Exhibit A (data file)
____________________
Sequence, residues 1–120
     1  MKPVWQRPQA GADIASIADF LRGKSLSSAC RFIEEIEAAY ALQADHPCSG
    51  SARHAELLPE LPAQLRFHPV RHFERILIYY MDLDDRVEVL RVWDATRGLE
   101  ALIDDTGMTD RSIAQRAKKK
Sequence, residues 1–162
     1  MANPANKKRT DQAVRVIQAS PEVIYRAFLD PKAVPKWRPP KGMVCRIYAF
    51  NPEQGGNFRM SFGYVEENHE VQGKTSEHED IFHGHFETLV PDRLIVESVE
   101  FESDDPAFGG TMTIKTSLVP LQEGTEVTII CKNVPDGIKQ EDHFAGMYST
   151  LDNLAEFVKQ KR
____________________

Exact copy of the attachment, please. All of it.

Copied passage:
Sequence, residues 1–120
     1  MKPVWQRPQA GADIASIADF LRGKSLSSAC RFIEEIEAAY ALQADHPCSG
    51  SARHAELLPE LPAQLRFHPV RHFERILIYY MDLDDRVEVL RVWDATRGLE
   101  ALIDDTGMTD RSIAQRAKKK
Sequence, residues 1–162
     1  MANPANKKRT DQAVRVIQAS PEVIYRAFLD PKAVPKWRPP KGMVCRIYAF
    51  NPEQGGNFRM SFGYVEENHE VQGKTSEHED IFHGHFETLV PDRLIVESVE
   101  FESDDPAFGG TMTIKTSLVP LQEGTEVTII CKNVPDGIKQ EDHFAGMYST
   151  LDNLAEFVKQ KR